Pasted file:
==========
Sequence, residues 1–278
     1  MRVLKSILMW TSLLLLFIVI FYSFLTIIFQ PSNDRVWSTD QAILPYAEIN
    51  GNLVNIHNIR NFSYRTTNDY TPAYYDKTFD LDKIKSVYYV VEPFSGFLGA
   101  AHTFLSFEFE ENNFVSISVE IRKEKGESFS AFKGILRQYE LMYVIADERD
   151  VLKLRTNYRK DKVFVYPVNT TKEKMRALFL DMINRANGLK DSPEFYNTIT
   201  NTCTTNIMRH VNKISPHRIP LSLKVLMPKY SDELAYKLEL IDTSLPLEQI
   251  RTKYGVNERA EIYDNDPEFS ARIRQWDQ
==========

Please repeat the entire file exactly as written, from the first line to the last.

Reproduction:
Sequence, residues 1–278
     1  MRVLKSILMW TSLLLLFIVI FYSFLTIIFQ PSNDRVWSTD QAILPYAEIN
    51  GNLVNIHNIR NFSYRTTNDY TPAYYDKTFD LDKIKSVYYV VEPFSGFLGA
   101  AHTFLSFEFE ENNFVSISVE IRKEKGESFS AFKGILRQYE LMYVIADERD
   151  VLKLRTNYRK DKVFVYPVNT TKEKMRALFL DMINRANGLK DSPEFYNTIT
   201  NTCTTNIMRH VNKISPHRIP LSLKVLMPKY SDELAYKLEL IDTSLPLEQI
   251  RTKYGVNERA EIYDNDPEFS ARIRQWDQ